Plans to either renovate or rebuild Kansas City International Airport should focus on keeping costs low, the chief executive of Southwest Airlines said Wednesday in Kansas City.
Gary Kelly, who heads the carrier with the largest KCI service, 68 daily departures, said low costs mean low fares and that’s what will generate enough traffic to justify the costs of any updates.
“I agree and Southwest agrees we definitely could stand to make some improvements. The question still remains exactly what is the best way to do that in the most cost-efficient manner,” Kelly said.
Air travelers are sensitive to price, something Kelly said is evident each time oil prices climb and the cost of flying jumps.
“It absolutely kills traffic,” he said.
Kansas City aviation officials have been working with airline officials on ways to improve the 1970s-era airport. A redesign that would replace the existing three-terminal footprint with a single central terminal has drawn opposition from many who favor the convenience KCI currently provides Kansas City area travelers.
A city task force has favored a one-terminal rebuilt airport, but negotiations continue, with a May 2016 deadline for a final recommendation.
Kelly spoke after unveiling a Boeing 737 jet painted as if wrapped in the Missouri state flag, a show of commitment to service and jobs in the state. It’s the 10th jet in the airline’s fleet painted to honor one of the states it serves. The others include Illinois and Colorado.
Gov. Jay Nixon of Missouri and Mayor Sly James of Kansas City were on hand for the presentation. The group christened the repainted plane “Missouri One” at the Aviation Technical Services aircraft overhaul base.
“We didn’t want to just tell you how much we appreciate you. We wanted to show you,” Kelly said at the presentation.
Asked about potential improvements at KCI, Kelly said the airport’s current design makes it difficult to screen passengers and provide access to concession stands and shops. And that makes the airport experience inefficient for travelers, especially those who are arriving on one flight to make connections with another, he said.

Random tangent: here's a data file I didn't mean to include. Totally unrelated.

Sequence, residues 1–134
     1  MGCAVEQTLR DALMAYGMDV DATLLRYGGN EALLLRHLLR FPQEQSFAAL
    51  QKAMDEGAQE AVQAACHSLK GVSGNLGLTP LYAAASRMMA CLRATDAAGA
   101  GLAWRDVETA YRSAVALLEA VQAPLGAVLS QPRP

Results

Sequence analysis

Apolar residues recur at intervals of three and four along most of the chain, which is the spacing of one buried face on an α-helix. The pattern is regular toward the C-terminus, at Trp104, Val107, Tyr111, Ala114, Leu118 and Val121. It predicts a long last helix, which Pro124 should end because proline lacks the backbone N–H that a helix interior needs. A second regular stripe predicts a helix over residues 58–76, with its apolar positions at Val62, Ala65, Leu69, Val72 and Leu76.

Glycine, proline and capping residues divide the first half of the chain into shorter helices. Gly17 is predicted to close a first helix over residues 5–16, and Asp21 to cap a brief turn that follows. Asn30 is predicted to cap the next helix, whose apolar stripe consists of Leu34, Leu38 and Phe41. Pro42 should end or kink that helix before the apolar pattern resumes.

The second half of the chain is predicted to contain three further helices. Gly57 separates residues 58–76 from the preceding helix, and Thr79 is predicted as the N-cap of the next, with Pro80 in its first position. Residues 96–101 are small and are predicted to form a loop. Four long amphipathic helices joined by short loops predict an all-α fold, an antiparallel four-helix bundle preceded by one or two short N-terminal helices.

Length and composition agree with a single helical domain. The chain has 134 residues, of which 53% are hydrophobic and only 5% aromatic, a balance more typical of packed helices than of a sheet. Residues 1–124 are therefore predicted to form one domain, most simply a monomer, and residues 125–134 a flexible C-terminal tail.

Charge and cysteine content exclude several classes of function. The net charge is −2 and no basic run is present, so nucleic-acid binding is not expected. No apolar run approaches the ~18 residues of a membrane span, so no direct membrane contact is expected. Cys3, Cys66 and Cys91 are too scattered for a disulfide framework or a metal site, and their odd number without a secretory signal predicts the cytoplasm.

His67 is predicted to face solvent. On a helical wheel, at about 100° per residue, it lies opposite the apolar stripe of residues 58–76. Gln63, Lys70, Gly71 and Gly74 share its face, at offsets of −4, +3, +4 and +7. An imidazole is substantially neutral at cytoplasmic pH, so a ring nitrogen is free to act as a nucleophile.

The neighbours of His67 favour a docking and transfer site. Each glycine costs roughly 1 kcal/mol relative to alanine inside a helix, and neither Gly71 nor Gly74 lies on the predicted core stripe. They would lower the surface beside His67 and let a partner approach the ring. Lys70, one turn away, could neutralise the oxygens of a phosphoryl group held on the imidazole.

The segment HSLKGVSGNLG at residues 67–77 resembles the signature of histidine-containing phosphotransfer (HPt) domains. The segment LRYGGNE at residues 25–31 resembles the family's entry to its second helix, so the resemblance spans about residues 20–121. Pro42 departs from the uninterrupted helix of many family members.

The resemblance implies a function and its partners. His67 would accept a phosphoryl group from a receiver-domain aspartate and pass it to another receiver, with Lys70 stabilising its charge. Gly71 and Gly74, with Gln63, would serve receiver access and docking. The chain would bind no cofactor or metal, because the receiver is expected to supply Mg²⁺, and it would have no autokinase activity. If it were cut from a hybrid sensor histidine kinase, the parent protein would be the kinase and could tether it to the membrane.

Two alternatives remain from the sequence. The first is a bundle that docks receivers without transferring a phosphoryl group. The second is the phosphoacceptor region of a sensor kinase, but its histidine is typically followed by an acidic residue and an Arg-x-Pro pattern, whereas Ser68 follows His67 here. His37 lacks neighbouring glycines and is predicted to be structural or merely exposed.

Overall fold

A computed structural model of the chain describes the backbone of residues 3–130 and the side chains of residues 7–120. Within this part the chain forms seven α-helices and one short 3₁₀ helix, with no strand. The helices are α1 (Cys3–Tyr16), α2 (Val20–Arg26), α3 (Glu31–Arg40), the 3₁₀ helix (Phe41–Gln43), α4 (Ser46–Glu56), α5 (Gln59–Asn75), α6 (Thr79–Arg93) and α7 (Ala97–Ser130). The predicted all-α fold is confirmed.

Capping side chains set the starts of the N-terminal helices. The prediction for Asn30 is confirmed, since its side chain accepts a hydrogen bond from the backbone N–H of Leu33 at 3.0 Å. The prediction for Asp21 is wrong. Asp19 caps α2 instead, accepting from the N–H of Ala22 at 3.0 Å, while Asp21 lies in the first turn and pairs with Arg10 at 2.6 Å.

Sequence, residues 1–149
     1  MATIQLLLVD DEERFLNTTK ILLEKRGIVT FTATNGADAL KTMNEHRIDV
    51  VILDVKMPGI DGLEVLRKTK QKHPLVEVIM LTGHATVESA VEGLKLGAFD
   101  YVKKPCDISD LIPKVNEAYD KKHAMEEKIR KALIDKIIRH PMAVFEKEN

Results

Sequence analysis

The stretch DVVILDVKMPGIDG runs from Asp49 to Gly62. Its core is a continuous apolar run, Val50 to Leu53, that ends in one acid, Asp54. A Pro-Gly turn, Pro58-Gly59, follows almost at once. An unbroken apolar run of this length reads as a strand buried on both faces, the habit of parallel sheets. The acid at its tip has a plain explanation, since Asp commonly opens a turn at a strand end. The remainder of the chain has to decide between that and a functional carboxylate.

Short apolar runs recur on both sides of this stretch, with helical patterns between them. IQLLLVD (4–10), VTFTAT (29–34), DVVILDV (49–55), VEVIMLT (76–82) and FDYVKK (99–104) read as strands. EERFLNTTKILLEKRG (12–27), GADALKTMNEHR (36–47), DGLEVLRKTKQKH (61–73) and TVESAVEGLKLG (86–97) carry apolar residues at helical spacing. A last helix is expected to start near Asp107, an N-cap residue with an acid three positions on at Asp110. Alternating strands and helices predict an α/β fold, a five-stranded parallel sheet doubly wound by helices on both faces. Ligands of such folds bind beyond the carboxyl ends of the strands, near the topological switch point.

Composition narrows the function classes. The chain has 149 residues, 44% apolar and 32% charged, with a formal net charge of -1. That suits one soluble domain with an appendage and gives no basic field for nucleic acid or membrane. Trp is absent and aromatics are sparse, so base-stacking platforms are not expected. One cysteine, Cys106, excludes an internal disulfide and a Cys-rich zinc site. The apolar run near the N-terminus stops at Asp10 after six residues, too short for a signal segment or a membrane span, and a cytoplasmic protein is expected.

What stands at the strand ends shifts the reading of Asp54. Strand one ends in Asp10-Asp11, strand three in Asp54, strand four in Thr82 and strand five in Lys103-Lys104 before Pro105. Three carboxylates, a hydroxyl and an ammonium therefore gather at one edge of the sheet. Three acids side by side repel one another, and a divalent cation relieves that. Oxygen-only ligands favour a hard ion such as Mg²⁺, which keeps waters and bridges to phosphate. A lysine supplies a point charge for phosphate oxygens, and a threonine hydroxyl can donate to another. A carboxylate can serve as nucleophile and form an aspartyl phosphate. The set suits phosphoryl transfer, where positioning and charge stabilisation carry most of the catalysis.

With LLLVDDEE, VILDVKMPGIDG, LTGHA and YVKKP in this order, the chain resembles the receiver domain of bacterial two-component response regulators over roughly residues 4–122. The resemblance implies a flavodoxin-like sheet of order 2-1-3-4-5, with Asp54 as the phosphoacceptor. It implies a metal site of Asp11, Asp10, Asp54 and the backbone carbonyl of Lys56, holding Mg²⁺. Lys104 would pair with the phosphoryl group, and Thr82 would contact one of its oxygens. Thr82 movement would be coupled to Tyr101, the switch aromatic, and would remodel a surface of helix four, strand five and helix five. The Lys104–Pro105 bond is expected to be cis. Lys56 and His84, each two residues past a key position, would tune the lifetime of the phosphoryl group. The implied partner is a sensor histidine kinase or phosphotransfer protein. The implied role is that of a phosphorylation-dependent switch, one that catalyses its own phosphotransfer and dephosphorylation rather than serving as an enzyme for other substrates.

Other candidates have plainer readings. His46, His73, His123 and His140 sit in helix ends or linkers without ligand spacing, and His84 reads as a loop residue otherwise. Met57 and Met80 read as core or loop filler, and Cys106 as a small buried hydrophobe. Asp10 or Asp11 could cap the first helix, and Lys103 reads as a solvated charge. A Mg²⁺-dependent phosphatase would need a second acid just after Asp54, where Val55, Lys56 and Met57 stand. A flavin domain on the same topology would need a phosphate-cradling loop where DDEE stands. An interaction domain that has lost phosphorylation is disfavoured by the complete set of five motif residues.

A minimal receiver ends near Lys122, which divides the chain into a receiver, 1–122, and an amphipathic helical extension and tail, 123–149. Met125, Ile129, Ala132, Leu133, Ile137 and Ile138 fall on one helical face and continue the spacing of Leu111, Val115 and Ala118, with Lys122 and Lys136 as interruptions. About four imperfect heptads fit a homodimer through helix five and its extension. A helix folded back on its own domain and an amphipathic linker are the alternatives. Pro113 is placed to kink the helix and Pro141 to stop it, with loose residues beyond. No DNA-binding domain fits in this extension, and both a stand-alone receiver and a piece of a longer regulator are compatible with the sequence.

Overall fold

He cited recent work at Love Field in Dallas as a way to reconcile passenger convenience with security measures. The airport is built in a T shape, with passenger screening done in a central area leading to connections and a concession area.
“At Love Field we started over. After 50 years it had gotten to be an unwieldy mess, and it’s just a much better airport” than it was, Kelly said.
Kelly said neither he nor the airline had reached any decisions about what they’d like to see done at KCI.
“We’re the largest airline in Kansas City, so we’ll naturally take a leadership role in that,” he said. “It’s an important role, but it’s important that we try to get it right.”
Kit Bond, recognized at the presentation for his work in the U.S. Senate on behalf of KCI, said the collective work on airport plans is the right way to get the best solution.
“KCI was designed in a much simpler time,” Bond said. “I’m sure there are ways to make it more efficient and traveler-friendly.”
As the largest operating carrier, Southwest also would bear much of the cost — either directly or indirectly through fees — for the work ultimately done at the airport.
“In the meantime, we have an airport that works,” Kelly said. “While it may not be perfect, we’re certainly taking off and landing every day.”
Southwest has flown here since February 1982.
The airline also announced a $5,000 gift to Union Station’s Science City Summer Camp. The camp runs from June 8 through Aug. 7 for children ages 6 through 12.